Africa

Belo sur mer; where the sail ships come home

It’s been a year almost since we were in Belo sur mer,winding down in a beautiful setting after a week of solid road tripping. Belo-sur-mer reminded me a lot of Mozambique. Maybe it was knowing that if we climbed into a pirogue and sailed directly West, we’d sail into the Beira harbour. Though Belo-sur-mer beats Beira any day!

Belo-sur-mer

We stayed at the Hotel Entremer, owned by the brilliant, chef extraordinaire French lady Laurence! This lady can cook up a storm. And when you’ve been living on baguettes and jam for a few days, Laurence’s French home-style cooking was such a treat. Having been a chef many years ago, I can appreciate the effort Laurence puts into the meals as Belo-sur-mer is a very long way away from a grocery store! It’s no surprise that seafood is Laurence’s speciality – with the daily local catch from octopus to barracuda featuring on the menu most days. Though on one of our nights, we were treated to a Wild Boar Stew with Madagascan Peppercorns and ginger. I was in food heaven!

 

Slide Show of Hotel Entremer

 

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Sailing a pirogue (7)We quickly established our holiday routine of activities and exploring during the day, followed by sundowners on the deck, dinner and a chat with the knowledgeable Laurence or an after dinner toot while listening to the soothing and rhythmic sound of the ocean lapping at the shore. There are a number of activities that you can do at Belo-sur-mer other than exploring the ship-building village. A picnic on a coral island, a trip to the mangrove swamps to see the flying foxes and birdlife, a massage on the deck, snorkelling and pirogue trips to Menaky bay. In the few days that we were there, we decided to take a pirogue out to the coral islands – a 2 -3 hour trip, depending on the winds. Laurence packed us a hearty picnic and we set off in the morning, sailing into the horizon.  My husband who loves to drop a line whenever possible, bought my son’s mini-sized fishing rod a long with a few lures! He gave a few lures to our crew and before we knew it, we had 4 Bonita fish on board. Our Malagasy crew were delighted with the lures because the lures that they use do not catch Bonita fish. But the excitement came to an abrupt end when my husband posed for the camera with his prize-sized fish and it slipped through his hands back into the depths of the ocean! They were not impressed, letting a fish of that size go for a photo! The worst kind of mistake in the eyes of these fishermen! But their smiles quickly returned when they were given the lures to keep!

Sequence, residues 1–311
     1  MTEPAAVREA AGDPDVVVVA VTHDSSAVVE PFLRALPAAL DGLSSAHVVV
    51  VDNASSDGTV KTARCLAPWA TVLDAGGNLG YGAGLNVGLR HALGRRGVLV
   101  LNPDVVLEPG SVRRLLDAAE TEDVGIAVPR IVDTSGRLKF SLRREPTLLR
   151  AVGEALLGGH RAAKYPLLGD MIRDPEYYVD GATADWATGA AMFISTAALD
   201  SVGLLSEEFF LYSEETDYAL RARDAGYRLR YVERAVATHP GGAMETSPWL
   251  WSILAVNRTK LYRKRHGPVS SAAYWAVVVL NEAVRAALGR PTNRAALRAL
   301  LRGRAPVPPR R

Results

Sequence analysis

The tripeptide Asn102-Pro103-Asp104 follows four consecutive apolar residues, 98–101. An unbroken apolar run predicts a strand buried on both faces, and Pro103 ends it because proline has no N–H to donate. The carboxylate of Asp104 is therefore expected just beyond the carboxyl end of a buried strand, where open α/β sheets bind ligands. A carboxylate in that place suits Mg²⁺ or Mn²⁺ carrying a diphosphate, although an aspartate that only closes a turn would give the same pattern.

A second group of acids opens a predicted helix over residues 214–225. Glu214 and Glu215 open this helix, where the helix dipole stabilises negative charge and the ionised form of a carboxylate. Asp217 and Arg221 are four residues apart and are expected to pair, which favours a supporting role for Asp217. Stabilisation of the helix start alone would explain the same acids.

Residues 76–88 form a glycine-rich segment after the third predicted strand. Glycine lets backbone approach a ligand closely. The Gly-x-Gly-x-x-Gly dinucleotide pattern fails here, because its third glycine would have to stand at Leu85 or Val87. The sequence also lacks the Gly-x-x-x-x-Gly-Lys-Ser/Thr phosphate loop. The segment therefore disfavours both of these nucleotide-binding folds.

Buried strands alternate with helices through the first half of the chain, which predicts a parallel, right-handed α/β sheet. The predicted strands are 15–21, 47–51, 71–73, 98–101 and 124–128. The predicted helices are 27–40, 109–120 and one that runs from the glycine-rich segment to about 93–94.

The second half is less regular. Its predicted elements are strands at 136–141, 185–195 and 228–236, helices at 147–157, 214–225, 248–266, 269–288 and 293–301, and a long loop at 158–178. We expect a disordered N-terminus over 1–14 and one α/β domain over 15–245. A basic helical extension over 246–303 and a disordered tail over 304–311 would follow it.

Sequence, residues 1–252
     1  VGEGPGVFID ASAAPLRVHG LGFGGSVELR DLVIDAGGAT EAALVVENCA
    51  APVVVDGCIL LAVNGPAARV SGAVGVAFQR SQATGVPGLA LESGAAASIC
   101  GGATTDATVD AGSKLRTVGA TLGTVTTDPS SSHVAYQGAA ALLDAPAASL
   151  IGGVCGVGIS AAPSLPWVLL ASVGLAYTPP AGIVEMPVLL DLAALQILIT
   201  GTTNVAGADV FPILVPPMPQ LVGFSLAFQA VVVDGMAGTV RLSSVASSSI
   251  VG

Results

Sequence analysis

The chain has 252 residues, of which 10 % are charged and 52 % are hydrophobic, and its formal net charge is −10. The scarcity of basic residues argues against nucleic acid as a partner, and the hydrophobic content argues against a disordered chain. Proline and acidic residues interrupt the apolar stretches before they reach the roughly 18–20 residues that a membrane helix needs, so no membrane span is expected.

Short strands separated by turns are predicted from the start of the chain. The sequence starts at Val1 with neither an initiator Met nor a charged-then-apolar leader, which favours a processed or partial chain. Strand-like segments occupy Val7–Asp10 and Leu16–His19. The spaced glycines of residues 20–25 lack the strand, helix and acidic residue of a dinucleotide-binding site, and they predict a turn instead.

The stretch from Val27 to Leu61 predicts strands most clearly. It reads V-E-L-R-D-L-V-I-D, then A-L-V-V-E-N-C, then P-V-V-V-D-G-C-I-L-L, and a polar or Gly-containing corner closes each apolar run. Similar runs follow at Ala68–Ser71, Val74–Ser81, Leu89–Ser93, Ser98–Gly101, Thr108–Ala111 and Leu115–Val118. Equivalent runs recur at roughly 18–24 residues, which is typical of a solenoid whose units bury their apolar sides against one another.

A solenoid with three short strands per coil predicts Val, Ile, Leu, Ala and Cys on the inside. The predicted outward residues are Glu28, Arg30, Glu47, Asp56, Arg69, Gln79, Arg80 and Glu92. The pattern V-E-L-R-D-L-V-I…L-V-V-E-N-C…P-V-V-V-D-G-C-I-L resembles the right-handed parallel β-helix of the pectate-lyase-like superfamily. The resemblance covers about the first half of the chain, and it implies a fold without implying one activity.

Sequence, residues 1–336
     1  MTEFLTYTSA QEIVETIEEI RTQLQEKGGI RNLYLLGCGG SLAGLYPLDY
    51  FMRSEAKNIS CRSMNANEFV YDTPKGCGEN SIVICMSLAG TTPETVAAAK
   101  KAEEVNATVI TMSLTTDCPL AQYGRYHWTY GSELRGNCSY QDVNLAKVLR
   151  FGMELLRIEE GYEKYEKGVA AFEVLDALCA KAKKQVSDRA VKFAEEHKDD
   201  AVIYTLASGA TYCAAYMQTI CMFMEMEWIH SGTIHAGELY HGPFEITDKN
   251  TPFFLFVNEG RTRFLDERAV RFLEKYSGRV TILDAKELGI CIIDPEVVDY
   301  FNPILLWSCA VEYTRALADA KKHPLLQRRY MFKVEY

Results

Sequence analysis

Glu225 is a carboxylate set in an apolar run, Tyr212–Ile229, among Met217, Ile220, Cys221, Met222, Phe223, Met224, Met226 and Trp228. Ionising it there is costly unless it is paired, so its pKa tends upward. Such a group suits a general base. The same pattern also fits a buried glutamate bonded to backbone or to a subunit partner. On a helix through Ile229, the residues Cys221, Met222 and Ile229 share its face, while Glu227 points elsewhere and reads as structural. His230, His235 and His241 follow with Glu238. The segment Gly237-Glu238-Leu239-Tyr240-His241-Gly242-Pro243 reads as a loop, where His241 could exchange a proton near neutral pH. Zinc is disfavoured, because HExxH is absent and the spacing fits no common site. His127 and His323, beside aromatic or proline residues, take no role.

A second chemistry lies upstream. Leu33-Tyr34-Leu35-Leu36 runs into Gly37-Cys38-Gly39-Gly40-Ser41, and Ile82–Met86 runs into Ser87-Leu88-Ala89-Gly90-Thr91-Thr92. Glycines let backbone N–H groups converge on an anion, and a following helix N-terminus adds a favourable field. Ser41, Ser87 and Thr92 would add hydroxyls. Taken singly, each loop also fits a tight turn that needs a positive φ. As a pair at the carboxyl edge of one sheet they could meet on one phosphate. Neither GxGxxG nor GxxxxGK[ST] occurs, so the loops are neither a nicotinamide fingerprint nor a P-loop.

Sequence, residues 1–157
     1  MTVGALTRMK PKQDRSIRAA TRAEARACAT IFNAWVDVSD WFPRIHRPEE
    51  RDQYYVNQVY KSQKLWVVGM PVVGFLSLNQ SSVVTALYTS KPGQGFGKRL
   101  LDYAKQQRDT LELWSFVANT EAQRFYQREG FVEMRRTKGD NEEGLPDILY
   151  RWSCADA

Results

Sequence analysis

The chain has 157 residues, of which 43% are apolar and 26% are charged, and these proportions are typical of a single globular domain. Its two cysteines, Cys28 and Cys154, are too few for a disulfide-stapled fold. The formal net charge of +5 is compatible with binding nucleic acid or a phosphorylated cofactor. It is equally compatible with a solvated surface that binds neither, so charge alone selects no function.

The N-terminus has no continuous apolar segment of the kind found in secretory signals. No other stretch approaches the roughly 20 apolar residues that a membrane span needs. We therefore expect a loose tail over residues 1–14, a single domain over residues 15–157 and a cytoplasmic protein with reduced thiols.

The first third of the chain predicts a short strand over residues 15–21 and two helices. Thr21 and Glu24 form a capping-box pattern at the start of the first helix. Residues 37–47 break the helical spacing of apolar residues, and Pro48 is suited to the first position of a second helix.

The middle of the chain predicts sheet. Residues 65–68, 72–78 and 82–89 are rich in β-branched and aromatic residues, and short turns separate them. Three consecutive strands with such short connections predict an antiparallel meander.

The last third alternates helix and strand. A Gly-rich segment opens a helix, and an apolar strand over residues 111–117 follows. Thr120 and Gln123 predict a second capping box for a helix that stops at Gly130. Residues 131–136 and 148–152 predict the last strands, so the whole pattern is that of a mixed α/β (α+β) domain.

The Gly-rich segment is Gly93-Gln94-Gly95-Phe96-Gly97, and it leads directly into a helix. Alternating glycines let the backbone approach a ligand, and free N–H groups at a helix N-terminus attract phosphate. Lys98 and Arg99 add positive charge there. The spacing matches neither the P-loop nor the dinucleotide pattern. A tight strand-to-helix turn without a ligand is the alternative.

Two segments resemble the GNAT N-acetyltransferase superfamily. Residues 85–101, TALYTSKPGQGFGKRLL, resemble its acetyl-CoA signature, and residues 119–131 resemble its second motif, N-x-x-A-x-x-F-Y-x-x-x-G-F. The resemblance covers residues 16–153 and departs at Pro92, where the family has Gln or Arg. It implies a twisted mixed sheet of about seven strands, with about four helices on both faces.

Sailing a pirogue (2)

Sailing a pirogue (5)

The white sandy coral islands are surrounded by turquoise blue water. We felt like castaways, sitting beneath the sail of our pirogue as the midday sun beat down. We snorkelled and swam in the waves with the changing tides and walked the rim of the island. We weren’t alone. The island is used by the local fishermen, some of them sleeping there instead of returning home. It cost 45 000 ariary’s per adult to step onto the island and 25 000 per child. We did think the price to visit the island was pretty expensive considering it’s an unprotected area.  The snorkeling was a little disappointing too. In 2008, a cyclone ripped through this part of Madagascar, destroying much of the coral reefs in this area. But we loved our trip nevertheless. The pirogue experience is a must. It cost us 120 000 ariary’s and included a hearty picnic lunch that was organised by Hotel Entremer.

Slideshow of our trip on a pirogue to a Coral Island near Belo sur mer

 

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We had a few reasons to visit Belo-sur-mer. Firstly, we loved that it is remote and that they build sailing ships. We loved that it is rustic and that we’d get a taste of real Madagascar. We loved that it is quiet and not a booming tourist hot spot. But it was only once we were there that we could know about the sunset. Hotel Entremer is situated on the beach unlike the other hotels and accommodation that are positioned on the lagoon near the village. It looks west onto the Mozambican channel and is perfectly positioned for a phenomenal sunset.

Sea traffic

In the late afternoon, we’d lie back on the deck chairs with a cold beer in hand and wait for nature’s final show, the golden hour. In the sun’s final moments of glory, just before she’d be swallowed whole by the ocean, she’d boldly paint the sky with streaks of red, purple and orange. Then from nowhere, emerged the silhouette of a sailing ship – a ship with 3 sails powering into the foreground, with flames of red behind it and men leaning forward into the wind. This is a Belo-sur-mer sunset, one of the best! And my favourite experience at Hotel Entremer.

Schooner (2)

Belo-sur-mer sunset

Belo-sur-mer sunset

 

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